Orbiting 35,000 km from the surface of Earth are 14 satellites of the Inmarsat constellation. Placed in a geosynchronous orbit, these satellites can provide mobile and data coverage to the entire surface of the planet. They communicate with portable terminals on Earth, and are used particularly in areas where there is no reliable terrestrial network, like the middle of the sea or in the air. Their protocol was recently upgraded to provide new and improved services. When such upgrades happen, all the customers of the satellite network also have to change their protocol. This presented an opportunity for Honeywell‘s engineers in India, who in just over a year designed and launched a next-generation portable satellite terminal that makes full use of the new protocol.
“We were one of the first companies to enter the market with a new product, and we are proud to say that all the work was done out of our India technology centres,” says Ajeya Motaganahalli, CTO of Honeywell SPS (Safety & Productivity Solutions) India.
The challenge was that everything – from the physical layer, to the motherboard, the antenna, the software stack and even the circuitry – had to be developed from scratch, because the product is a complex interaction between hardware, software and firmware.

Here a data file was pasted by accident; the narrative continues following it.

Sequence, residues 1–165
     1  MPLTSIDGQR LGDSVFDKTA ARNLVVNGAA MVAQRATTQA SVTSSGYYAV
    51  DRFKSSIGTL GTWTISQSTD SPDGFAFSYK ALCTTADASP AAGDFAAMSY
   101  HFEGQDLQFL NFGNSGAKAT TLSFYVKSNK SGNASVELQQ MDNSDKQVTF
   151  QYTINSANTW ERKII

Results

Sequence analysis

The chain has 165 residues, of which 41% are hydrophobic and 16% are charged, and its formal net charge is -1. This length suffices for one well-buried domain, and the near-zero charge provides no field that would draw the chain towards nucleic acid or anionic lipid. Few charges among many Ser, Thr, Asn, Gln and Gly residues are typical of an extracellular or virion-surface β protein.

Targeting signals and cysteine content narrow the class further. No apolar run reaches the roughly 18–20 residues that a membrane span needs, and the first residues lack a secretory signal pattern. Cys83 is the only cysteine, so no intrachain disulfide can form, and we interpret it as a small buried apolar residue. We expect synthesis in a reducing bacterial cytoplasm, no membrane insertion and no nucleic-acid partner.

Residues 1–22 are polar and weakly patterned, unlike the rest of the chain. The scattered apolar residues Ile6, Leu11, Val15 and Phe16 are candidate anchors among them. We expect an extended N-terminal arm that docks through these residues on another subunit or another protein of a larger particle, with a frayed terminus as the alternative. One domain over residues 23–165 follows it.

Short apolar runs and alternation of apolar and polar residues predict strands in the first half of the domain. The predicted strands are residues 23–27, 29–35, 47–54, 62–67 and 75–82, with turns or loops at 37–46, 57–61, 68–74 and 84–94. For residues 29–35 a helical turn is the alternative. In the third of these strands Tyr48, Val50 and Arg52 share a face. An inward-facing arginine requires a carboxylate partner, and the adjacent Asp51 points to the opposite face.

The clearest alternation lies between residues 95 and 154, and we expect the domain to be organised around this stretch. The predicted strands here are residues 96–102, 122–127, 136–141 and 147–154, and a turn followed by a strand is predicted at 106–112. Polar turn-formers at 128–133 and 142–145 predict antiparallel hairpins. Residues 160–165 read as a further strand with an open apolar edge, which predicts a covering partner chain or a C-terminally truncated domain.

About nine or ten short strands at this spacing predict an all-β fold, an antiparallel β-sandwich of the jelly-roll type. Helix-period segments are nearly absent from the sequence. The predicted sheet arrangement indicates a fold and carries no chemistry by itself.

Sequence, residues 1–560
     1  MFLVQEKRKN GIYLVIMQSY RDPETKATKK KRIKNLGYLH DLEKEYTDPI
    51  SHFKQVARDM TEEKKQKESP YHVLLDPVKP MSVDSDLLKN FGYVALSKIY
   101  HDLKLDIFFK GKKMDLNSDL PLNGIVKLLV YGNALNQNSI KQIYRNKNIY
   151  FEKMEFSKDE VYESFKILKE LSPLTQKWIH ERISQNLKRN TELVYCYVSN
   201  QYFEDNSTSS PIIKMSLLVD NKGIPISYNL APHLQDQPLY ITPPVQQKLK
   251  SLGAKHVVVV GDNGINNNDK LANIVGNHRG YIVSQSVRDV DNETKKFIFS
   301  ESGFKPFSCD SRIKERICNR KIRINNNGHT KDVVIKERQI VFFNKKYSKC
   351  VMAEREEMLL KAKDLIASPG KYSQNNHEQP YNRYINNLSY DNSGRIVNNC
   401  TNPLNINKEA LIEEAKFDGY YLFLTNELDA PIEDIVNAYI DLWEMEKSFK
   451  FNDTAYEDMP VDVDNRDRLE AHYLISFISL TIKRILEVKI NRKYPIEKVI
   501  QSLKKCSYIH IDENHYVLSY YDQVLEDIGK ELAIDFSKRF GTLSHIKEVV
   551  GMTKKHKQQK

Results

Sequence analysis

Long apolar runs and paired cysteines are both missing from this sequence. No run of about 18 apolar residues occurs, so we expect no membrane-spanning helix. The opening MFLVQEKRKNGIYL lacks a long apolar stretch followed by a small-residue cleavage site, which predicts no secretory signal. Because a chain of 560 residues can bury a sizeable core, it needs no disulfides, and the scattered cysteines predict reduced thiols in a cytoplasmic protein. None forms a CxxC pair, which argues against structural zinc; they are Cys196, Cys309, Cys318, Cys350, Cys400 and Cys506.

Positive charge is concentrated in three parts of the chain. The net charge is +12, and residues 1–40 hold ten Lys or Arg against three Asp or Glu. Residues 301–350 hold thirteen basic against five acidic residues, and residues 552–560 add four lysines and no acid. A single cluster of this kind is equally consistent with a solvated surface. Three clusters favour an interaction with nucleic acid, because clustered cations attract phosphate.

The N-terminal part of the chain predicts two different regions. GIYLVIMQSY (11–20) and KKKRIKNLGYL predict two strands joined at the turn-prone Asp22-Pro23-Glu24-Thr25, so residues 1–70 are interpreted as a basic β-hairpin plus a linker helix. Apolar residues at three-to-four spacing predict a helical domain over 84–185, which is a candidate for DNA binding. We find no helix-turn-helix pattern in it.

The portable satellite terminal, called a SAT-IDP terminal, can track, monitor and control high-value assets in virtually any environment anywhere in the world, using the Inmarsat network. It could be shipping containers, industrial equipment, or mining and agricultural equipment, anything related to logistics.
Once an asset has been equipped with a SAT-IDP terminal and deployed, the terminal can be programmed to send and receive customised data – including temperature, humidity, vibration and shock – from internal and external sensors. “This is a machine-to-machine (M2M) communication device. We can have sensors that have the capability to detect the leakage of petrol from a pipeline on the other side of the world,” Motaganahalli says.
The design and development of the terminal required a deep understanding of satellite radios and hardware and software wireless design. Expertise in electromagnetic interference, electronic magnetic compliance, and electronic printed circuit board layouts were critical to handle challenges with product certification.
At its core, the terminal uses a software defined radio that supports Inmarsat’s new protocol within the existing form factor of the previous M2M terminals, which have a large installed base. “Support was added for additional inputs and outputs, accelerometer, bluetooth communication, and geo-fencing capability to allow customers to continue to handle all their existing use cases and enable new ones,” Motaganahalli says.